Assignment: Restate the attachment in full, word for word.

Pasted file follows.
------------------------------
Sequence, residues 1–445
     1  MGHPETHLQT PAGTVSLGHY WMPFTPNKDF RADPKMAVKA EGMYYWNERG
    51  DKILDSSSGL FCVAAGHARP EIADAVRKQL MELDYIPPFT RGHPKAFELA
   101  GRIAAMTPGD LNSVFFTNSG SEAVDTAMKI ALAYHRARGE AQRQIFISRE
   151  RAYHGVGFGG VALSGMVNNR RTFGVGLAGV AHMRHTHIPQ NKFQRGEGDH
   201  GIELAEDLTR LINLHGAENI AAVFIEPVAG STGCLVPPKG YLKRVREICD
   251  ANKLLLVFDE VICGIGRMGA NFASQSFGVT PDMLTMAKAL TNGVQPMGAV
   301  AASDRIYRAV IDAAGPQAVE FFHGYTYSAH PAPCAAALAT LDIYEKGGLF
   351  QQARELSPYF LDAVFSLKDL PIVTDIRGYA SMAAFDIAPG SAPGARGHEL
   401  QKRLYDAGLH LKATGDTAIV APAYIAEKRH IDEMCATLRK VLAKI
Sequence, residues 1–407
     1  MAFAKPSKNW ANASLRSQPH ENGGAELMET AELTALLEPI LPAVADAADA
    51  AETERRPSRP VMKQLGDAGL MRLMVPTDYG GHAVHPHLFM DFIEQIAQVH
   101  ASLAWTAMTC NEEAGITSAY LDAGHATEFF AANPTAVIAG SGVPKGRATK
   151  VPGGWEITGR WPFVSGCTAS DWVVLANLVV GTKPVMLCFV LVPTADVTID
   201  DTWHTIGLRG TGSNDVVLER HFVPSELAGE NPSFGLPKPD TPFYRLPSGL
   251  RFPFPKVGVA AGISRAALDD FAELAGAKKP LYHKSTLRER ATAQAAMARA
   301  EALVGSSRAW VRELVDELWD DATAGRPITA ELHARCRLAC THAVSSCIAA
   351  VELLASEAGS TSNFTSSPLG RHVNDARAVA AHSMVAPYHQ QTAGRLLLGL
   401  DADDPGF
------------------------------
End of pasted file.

Sequence, residues 1–445
     1  MGHPETHLQT PAGTVSLGHY WMPFTPNKDF RADPKMAVKA EGMYYWNERG
    51  DKILDSSSGL FCVAAGHARP EIADAVRKQL MELDYIPPFT RGHPKAFELA
   101  GRIAAMTPGD LNSVFFTNSG SEAVDTAMKI ALAYHRARGE AQRQIFISRE
   151  RAYHGVGFGG VALSGMVNNR RTFGVGLAGV AHMRHTHIPQ NKFQRGEGDH
   201  GIELAEDLTR LINLHGAENI AAVFIEPVAG STGCLVPPKG YLKRVREICD
   251  ANKLLLVFDE VICGIGRMGA NFASQSFGVT PDMLTMAKAL TNGVQPMGAV
   301  AASDRIYRAV IDAAGPQAVE FFHGYTYSAH PAPCAAALAT LDIYEKGGLF
   351  QQARELSPYF LDAVFSLKDL PIVTDIRGYA SMAAFDIAPG SAPGARGHEL
   401  QKRLYDAGLH LKATGDTAIV APAYIAEKRH IDEMCATLRK VLAKI
Sequence, residues 1–407
     1  MAFAKPSKNW ANASLRSQPH ENGGAELMET AELTALLEPI LPAVADAADA
    51  AETERRPSRP VMKQLGDAGL MRLMVPTDYG GHAVHPHLFM DFIEQIAQVH
   101  ASLAWTAMTC NEEAGITSAY LDAGHATEFF AANPTAVIAG SGVPKGRATK
   151  VPGGWEITGR WPFVSGCTAS DWVVLANLVV GTKPVMLCFV LVPTADVTID
   201  DTWHTIGLRG TGSNDVVLER HFVPSELAGE NPSFGLPKPD TPFYRLPSGL
   251  RFPFPKVGVA AGISRAALDD FAELAGAKKP LYHKSTLRER ATAQAAMARA
   301  EALVGSSRAW VRELVDELWD DATAGRPITA ELHARCRLAC THAVSSCIAA
   351  VELLASEAGS TSNFTSSPLG RHVNDARAVA AHSMVAPYHQ QTAGRLLLGL
   401  DADDPGF